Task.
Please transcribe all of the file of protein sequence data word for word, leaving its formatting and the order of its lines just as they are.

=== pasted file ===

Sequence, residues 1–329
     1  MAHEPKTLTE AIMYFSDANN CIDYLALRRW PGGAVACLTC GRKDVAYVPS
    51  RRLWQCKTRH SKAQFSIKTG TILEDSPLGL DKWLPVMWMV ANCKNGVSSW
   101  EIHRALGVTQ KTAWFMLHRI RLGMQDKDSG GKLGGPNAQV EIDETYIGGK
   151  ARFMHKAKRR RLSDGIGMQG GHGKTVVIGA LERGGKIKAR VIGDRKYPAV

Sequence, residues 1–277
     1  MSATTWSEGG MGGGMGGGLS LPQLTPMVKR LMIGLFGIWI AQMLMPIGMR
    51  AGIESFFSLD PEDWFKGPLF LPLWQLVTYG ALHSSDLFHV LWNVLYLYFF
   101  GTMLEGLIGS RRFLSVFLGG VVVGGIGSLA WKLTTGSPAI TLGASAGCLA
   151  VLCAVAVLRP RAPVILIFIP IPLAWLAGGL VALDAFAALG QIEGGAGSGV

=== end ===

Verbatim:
Sequence, residues 1–329
     1  MAHEPKTLTE AIMYFSDANN CIDYLALRRW PGGAVACLTC GRKDVAYVPS
    51  RRLWQCKTRH SKAQFSIKTG TILEDSPLGL DKWLPVMWMV ANCKNGVSSW
   101  EIHRALGVTQ KTAWFMLHRI RLGMQDKDSG GKLGGPNAQV EIDETYIGGK
   151  ARFMHKAKRR RLSDGIGMQG GHGKTVVIGA LERGGKIKAR VIGDRKYPAV

Sequence, residues 1–277
     1  MSATTWSEGG MGGGMGGGLS LPQLTPMVKR LMIGLFGIWI AQMLMPIGMR
    51  AGIESFFSLD PEDWFKGPLF LPLWQLVTYG ALHSSDLFHV LWNVLYLYFF
   101  GTMLEGLIGS RRFLSVFLGG VVVGGIGSLA WKLTTGSPAI TLGASAGCLA
   151  VLCAVAVLRP RAPVILIFIP IPLAWLAGGL VALDAFAALG QIEGGAGSGV